INGLESIDE, San Francisco — After several months of false starts, a dialysis service provider won approval in December to open in the former CVS Pharmacy space with a catch.
Though the new space is nearly twice as big as the provider’s current location, it can only serve the same number of patients as it does now until neighborhood concerns are addressed, particularly related to traffic.
RAI Care Center, owned by the embattled global conglomerate Fresenius Kidney Care, applied in January 2020 to expand its operation to the 15,312-square-foot ground-floor commercial space next door at Ocean Avenue and Dorado Terrace.
The Planning Commission unanimously granted conditional use authorization on Dec. 17 to allow health services, conditioning an expansion from 24 to 36 treatment chairs on whether a one-year review deems it appropriate.
Before its approval, then-District 7 Supervisor Norman Yee expressed concerns about the project, and neighborhood groups opposed it.
Although dialysis sites are needed for the city’s growing older population, the block isn’t ideal due to physical limitations that prevent vans from loading patients, District 7 Supervisor Norman Yee stated in a letter to the Planning Commission. Three community groups penned letters making cases against the proposal, concerned it would worsen existing issues created by the placement of the current RAI Care Center.
To obtain the authorization, project sponsor Keith Hansell of Savely Healthcare Architects agreed to recommendations from Yee that include creating a Driveway and Loading Operations Plan, “fully” exploring ways to mitigate current van-loading issues on the block, assigning a dedicated traffic attendant and conducting regular neighborhood outreach.
In line with Yee’s recommendations — and in response to community concerns brought forward over early noise pollution and traffic congestion — the commissioners denied the sponsor’s outstanding request for a 5:00 a.m. opening time.
“I’m concerned when we have our hearing in a year, that it’ll be fine — I’ll say, ‘OK, they’ve been really good neighbors,’” said Shirley Lima, a board member of the Ocean Gardens Homeowners Association, which has residents living in units situated atop the storefront. “And my concern is they would stop because they got their permission to expand to 36 chairs, and then our only recourse after they’ve gotten the permission to expand to 36 chairs is that we write a letter to the Planning Commission, and it would be a complaint.”
The hearing followed three others on Oct. 1, Nov. 5 and Dec. 3, where the commission successively granted the sponsor additional time to make its case and address concerns. Many were brought forward from Yee and three neighborhood groups that opposed or took issue with the sponsor’s application.
The Ocean Gardens HOA was among them, with residents in units along Ocean Avenue who hear backing paratransit vans beep as early as 4:30 a.m.
These vans, which typically park along the loading zone in front of the commercial space along Ocean Avenue, bring patients to and from RAI Care Center. But they are also known to create traffic congestion several times a day by blocking the right-most westbound lane along Ocean Avenue, which is further squeezed by a Muni island sitting opposite the loading zone.
Those who don’t notice the blocked westbound lane ahead of time must drive in reverse to back out and enter the other westbound lane on the other side of the Muni island. It sometimes prevents Ocean Gardens HOA residents who drive westbound along the avenue from safely making a right turn to get to their houses, Lima said.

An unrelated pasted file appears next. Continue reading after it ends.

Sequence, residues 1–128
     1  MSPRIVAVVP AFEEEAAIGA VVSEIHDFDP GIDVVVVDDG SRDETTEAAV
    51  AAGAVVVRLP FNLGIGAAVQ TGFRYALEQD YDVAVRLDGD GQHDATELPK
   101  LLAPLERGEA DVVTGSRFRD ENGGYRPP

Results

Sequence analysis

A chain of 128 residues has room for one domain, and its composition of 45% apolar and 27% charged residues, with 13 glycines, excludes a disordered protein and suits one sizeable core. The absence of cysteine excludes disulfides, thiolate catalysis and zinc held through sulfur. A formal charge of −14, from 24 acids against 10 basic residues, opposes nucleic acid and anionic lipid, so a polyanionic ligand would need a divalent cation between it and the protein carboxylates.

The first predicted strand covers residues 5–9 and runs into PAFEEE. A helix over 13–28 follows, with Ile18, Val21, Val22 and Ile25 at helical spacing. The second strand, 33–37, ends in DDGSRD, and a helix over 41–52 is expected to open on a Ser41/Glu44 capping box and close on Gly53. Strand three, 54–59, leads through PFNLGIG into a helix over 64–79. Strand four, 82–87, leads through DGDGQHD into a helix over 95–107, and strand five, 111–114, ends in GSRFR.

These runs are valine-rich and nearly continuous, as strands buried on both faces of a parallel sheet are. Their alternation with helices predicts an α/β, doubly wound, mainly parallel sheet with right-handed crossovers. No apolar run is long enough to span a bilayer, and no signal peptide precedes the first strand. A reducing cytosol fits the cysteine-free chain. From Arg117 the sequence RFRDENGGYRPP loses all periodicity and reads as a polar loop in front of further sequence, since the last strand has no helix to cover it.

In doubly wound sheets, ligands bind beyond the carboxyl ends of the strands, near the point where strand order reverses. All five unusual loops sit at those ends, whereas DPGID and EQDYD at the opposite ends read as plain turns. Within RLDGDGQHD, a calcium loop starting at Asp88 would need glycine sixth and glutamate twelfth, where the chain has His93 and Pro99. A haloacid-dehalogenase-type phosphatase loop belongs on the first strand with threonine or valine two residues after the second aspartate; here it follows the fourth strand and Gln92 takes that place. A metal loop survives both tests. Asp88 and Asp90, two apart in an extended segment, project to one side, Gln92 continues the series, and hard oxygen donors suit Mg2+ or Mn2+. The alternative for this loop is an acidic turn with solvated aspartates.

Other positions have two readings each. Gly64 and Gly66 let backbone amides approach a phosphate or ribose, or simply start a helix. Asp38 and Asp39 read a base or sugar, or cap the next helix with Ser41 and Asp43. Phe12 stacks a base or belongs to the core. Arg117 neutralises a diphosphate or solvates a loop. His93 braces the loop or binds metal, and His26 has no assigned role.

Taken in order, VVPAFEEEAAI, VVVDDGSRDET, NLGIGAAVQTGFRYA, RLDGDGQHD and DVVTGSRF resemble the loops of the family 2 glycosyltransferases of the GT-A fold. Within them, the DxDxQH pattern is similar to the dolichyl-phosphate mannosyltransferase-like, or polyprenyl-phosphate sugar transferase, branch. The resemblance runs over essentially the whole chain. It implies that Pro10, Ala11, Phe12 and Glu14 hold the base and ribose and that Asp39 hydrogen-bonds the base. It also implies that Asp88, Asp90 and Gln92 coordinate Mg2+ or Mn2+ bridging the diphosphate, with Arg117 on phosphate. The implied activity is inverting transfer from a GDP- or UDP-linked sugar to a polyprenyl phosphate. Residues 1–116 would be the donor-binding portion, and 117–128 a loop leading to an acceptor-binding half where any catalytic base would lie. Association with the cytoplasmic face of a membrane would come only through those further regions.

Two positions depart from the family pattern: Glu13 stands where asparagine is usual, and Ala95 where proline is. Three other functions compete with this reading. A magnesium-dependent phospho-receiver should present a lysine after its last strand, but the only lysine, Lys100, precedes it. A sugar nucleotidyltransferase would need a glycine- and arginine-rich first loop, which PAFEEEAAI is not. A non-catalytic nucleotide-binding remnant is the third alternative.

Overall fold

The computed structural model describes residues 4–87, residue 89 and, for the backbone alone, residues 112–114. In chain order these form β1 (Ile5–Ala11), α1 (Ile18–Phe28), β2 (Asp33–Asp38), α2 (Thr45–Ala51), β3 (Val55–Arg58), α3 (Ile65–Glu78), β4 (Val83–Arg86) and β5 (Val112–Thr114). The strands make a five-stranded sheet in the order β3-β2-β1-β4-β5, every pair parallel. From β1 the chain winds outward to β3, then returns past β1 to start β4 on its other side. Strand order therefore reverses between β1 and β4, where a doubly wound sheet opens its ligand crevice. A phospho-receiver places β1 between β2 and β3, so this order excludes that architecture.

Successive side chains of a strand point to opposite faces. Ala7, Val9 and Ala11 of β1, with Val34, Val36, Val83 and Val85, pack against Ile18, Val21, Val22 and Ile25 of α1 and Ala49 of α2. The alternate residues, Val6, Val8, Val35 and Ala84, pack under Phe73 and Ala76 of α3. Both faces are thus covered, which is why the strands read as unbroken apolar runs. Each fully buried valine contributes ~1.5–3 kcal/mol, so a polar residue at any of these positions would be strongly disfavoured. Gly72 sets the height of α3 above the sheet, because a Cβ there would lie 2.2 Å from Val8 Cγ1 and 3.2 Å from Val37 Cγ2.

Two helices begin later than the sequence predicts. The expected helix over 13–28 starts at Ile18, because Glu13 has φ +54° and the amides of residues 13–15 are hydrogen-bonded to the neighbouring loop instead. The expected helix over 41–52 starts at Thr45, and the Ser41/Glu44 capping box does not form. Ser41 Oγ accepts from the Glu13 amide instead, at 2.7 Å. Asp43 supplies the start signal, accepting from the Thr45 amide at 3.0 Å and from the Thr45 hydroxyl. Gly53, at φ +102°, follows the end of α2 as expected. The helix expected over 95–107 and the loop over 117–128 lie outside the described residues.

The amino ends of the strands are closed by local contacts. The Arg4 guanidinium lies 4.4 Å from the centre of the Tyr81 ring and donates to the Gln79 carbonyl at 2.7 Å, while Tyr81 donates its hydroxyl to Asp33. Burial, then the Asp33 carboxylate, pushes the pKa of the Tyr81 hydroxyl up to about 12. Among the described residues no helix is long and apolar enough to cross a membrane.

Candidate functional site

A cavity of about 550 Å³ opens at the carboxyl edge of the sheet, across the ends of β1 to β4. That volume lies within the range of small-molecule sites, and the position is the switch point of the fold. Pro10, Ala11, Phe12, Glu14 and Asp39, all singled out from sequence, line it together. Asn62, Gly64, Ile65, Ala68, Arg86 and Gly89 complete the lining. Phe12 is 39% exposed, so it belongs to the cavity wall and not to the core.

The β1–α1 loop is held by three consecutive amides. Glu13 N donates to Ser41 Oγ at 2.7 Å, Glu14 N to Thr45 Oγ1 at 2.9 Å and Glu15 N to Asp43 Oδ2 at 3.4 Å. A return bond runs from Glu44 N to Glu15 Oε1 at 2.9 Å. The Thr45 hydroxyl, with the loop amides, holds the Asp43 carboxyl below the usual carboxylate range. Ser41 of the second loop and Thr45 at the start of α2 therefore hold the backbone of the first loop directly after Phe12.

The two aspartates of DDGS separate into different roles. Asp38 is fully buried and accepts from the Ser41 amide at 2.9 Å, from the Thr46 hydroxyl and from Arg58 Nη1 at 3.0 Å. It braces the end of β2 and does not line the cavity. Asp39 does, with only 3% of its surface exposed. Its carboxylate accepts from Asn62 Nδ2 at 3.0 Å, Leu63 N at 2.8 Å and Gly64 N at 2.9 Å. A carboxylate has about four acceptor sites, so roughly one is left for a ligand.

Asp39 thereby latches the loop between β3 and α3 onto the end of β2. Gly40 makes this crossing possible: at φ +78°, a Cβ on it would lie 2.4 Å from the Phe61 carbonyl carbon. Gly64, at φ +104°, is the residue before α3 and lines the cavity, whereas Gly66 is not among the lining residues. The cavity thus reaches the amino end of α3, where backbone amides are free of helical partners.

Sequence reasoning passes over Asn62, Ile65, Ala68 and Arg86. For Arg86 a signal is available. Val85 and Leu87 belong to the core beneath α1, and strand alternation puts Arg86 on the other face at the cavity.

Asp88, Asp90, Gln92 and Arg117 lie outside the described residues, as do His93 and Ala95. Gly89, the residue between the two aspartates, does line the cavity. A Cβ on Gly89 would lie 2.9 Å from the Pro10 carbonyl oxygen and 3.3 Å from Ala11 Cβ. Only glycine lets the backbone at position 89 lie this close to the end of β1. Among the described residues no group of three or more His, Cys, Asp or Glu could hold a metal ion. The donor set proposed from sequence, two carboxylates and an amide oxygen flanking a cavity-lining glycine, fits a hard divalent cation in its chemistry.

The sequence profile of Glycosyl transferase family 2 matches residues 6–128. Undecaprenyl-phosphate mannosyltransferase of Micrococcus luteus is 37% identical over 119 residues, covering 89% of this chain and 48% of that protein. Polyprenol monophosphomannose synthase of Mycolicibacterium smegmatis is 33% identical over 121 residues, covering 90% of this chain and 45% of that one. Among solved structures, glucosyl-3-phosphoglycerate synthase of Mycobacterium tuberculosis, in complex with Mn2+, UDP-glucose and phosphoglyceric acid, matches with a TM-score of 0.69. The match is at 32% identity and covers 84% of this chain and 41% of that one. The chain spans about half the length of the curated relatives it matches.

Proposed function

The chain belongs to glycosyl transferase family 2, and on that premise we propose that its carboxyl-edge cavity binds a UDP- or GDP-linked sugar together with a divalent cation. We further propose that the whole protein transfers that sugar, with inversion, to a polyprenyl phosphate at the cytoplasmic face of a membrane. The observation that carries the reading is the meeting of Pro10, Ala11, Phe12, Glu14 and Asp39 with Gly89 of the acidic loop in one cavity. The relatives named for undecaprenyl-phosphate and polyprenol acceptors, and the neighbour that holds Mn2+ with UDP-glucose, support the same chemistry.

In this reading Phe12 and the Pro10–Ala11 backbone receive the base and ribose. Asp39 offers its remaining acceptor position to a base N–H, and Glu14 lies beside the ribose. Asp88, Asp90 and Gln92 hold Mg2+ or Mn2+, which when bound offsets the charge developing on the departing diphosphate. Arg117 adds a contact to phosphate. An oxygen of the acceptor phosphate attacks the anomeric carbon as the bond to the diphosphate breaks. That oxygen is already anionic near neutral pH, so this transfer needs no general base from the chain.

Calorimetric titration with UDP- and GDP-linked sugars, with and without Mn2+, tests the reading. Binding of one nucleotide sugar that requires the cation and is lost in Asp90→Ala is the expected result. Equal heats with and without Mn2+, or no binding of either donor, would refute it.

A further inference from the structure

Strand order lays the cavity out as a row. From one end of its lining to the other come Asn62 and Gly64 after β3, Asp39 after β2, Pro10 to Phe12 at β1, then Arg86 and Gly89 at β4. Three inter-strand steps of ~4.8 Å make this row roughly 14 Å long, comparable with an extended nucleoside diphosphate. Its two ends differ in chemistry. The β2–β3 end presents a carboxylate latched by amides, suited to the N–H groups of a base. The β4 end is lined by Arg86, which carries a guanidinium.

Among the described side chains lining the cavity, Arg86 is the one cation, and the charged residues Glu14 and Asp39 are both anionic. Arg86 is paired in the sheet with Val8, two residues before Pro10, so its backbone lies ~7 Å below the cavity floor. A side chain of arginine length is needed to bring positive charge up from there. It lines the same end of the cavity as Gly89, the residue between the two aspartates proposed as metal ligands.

And though the sponsor had previously stated that traffic wouldn’t change due to the space’s dedicated parking garage, the Ocean Gardens HOA stated in its letter of opposition that the garage’s 8-foot, 2-inch height limit would prevent the typical 9-and-a-quarter-foot-tall paratransit van from entering.
Neighbors also took issue with the project sponsor’s community outreach in advance of the application.
“The Planning Department staff said this was a conditional use process, but there was no plan by the Planning Department to organize a neighborhood meeting either online or in person,” said Dan Weaver, executive director of the Ocean Avenue Association. “I organized a meeting by asking the project sponsor to meet with us, and he agreed to meet with us, and that’s how the process started. Otherwise, there would be no opposition to this because the community wouldn’t even know what to oppose.”
Weaver also took issue with the building’s architecture, stating that its covered windows along Ocean Avenue weren’t suitable in a commercial district reliant on foot traffic.
The Ingleside Merchants Association, which the Ingleside Light belongs, outlined its strong opposition to the project in a letter to city officials.
“The proposed 15,000-square-foot expansion of the dialysis center would amplify a number of these longstanding problems,” IMA stated. “It would result in a sharp increase in traffic congestion, create an impediment to K Ingleside light rail service, jeopardize pedestrian safety at the loading zone, and result in a negative impact on parking.”
It also noted that RAI Care Center’s parent company, Fresenius Medical Care, agreed to pay $231 million in corruption charges in 2019.
The project’s approval is in a 30-day appeal period, according to Candace SooHoo, Planning Department deputy communications manager. SooHoo said that since the project received approval, no other community meetings are scheduled, and any meetings in 2021 will be organized by the project sponsor or operator.
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